Will the young save the planet?

Published: September 30, 2019
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The writer is a former caretaker finance minister and has served as vice-president of the World Bank

The writer is a former caretaker finance minister and has served as vice-president of the World Bank

The world’s youth have given up on the older generation. They have come to the conclusion that those who hold the reins of power around the globe don’t have the political will or the understanding to save the globe from a climate-warming catastrophe. If the youth wanted a voice, they found it in Greta Thunberg, a 16-year-old girl from Sweden who addressed world leaders in New York as they gathered to attend the annual session of the United Nations. Earlier, travelling by boat from London to the United States, she had addressed the US Congress. To coincide with this meeting, the United Nations agency responsible for climate policies sought to revive the world’s interest in adopting concrete policies to arrest global warming. The United Nations Climate Action Summit was held on Monday, September 23 to which all world leaders were invited.

Donald Trump, the Unites States’ President, after declining the invitation showed up for only 14 minutes. America’s lack of interest was in sharp contrast to its approach when in 2015 it took the lead in pushing other countries including China to sign the 2015 Paris Climate Accord. Trump has indicated that it intends to withdraw from the agreement. His administration has also weakened or repealed a number of climate related policies adopted by his predecessor, Barack Obama. Even the automobile industry supports the Obama initiative. Trump is determined to weaken the gasoline consumption standards for automobiles.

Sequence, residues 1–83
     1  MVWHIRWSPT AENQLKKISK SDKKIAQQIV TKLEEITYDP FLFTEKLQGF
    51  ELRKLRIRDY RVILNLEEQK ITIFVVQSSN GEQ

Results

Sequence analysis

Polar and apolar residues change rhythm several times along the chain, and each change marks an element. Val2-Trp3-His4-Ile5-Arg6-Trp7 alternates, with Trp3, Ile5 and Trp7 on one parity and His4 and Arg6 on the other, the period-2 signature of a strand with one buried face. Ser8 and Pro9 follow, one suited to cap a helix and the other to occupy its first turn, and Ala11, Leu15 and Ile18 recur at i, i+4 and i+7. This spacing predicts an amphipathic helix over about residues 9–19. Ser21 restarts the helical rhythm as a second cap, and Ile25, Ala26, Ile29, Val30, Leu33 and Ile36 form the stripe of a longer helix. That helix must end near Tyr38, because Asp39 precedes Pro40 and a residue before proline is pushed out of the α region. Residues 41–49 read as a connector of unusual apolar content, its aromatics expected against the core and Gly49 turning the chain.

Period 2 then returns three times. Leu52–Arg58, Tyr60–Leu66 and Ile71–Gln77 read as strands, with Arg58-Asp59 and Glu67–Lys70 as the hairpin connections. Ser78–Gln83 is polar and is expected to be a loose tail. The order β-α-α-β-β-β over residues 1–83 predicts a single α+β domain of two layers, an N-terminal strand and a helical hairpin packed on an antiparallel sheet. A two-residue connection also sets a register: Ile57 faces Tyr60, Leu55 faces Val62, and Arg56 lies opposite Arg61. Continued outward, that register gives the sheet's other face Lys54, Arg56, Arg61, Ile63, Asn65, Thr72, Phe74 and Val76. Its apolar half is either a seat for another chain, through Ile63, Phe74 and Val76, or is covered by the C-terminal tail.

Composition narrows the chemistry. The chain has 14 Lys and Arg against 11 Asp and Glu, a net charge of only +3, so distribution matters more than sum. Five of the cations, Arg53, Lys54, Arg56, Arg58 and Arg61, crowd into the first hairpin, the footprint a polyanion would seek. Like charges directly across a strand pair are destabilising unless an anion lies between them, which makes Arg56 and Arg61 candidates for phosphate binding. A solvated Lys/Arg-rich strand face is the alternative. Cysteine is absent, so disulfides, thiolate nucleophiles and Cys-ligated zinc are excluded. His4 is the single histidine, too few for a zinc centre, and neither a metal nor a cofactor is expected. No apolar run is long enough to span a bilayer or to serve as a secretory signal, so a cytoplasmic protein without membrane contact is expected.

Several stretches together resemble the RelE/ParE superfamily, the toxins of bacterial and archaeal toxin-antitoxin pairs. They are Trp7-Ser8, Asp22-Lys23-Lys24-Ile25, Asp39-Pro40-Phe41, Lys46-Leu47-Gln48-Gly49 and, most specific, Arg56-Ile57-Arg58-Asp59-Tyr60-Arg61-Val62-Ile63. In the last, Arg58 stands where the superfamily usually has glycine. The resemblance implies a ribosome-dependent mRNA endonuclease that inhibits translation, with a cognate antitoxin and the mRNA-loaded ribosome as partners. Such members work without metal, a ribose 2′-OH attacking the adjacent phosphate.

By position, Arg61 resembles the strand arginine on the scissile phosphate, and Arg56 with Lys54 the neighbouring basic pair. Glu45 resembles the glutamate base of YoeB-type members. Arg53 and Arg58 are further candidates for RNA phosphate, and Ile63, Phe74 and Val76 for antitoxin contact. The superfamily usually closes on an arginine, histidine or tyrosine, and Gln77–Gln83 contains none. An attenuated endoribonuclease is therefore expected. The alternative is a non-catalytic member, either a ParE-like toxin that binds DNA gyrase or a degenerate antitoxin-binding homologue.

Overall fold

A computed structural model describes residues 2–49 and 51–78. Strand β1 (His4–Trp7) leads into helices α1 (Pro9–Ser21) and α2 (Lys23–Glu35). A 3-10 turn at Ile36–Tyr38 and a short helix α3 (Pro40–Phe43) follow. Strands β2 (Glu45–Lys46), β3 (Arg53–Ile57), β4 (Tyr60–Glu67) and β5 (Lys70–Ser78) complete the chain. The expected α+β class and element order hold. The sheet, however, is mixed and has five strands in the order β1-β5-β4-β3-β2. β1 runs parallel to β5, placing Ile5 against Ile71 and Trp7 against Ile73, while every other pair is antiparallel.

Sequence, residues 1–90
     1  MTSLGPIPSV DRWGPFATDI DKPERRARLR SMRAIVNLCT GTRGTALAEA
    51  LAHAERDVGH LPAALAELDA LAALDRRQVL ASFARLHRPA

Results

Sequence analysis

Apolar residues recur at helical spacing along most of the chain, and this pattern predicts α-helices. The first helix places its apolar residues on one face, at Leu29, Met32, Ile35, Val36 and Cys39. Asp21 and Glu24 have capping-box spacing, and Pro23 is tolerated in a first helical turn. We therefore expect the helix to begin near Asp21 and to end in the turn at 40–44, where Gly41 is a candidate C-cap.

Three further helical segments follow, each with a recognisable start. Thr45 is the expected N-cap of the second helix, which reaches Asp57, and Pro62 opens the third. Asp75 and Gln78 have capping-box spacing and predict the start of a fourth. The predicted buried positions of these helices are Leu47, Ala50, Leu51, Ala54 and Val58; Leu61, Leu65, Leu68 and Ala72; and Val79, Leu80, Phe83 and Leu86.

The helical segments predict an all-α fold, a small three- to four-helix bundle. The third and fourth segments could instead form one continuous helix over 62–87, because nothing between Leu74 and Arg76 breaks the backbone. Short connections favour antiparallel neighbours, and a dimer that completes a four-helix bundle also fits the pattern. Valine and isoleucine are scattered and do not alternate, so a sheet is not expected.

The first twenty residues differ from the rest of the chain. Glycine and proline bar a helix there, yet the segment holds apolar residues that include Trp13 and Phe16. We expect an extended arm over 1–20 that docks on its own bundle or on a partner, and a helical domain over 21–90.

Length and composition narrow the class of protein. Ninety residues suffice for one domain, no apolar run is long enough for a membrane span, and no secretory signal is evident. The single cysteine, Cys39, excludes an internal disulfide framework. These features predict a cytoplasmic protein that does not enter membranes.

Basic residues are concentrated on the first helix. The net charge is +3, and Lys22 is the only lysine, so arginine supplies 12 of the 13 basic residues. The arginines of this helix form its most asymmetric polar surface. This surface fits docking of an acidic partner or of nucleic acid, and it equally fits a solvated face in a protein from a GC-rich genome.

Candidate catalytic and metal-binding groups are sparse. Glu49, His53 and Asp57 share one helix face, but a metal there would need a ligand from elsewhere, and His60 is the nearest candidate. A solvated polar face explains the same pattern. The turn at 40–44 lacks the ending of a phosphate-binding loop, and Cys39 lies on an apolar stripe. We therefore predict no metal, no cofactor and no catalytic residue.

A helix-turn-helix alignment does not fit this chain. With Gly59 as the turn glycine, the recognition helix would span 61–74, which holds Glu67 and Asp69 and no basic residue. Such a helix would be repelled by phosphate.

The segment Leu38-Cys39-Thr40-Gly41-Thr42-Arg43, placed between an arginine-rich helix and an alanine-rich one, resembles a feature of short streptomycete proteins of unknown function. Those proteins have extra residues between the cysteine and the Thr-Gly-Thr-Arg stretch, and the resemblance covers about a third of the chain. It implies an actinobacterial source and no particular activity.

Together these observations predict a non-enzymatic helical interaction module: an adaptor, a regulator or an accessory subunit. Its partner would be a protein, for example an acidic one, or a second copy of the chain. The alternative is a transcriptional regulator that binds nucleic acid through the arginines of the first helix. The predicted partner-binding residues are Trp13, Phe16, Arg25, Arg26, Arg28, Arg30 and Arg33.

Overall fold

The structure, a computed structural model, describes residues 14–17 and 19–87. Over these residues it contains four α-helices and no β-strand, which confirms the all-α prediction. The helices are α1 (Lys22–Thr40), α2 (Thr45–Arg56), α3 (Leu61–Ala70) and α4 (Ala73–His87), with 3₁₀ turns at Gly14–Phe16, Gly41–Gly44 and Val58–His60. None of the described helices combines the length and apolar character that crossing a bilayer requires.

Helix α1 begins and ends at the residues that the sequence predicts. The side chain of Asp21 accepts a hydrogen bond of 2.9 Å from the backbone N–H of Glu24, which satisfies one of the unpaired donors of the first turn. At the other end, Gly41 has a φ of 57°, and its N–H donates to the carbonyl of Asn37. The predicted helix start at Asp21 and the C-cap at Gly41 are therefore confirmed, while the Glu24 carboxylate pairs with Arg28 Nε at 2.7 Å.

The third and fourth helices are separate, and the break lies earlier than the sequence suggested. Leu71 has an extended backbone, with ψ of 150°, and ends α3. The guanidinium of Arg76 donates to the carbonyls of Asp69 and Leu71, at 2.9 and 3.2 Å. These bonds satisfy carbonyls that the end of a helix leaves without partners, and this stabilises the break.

Thunberg underscored the contrast between the slow pace of action and the urgency of the problem. “People are dying; entire ecosystems are collapsing. We are in the beginning of mass extinction and all you can talk about is money and fairy tales of eternal economic growth. How dare you! The eyes of all future generations are upon you,” she said, her voice quavering with rage. “If you choose to fail us, I say we will never forgive you.” While former president Barack Obama had heaped praise on the Swede, calling her “one of our planet’s greatest advocates”, she drew vicious attacks from the American right. Dinesh D’Souza, an Indian American, was particularly insulting in his remarks, calling her one of the “children — notably Nordic white girls with braids and red cheeks — who were often used in Nazi propaganda. An old Goebbels technique!” he wrote.

The Summit was held at a time when the latest science showed that the world was getting hotter. Extreme weather events were occurring more frequently. These included hurricanes, cyclones, floods and draughts. Seas were rising and becoming warmer.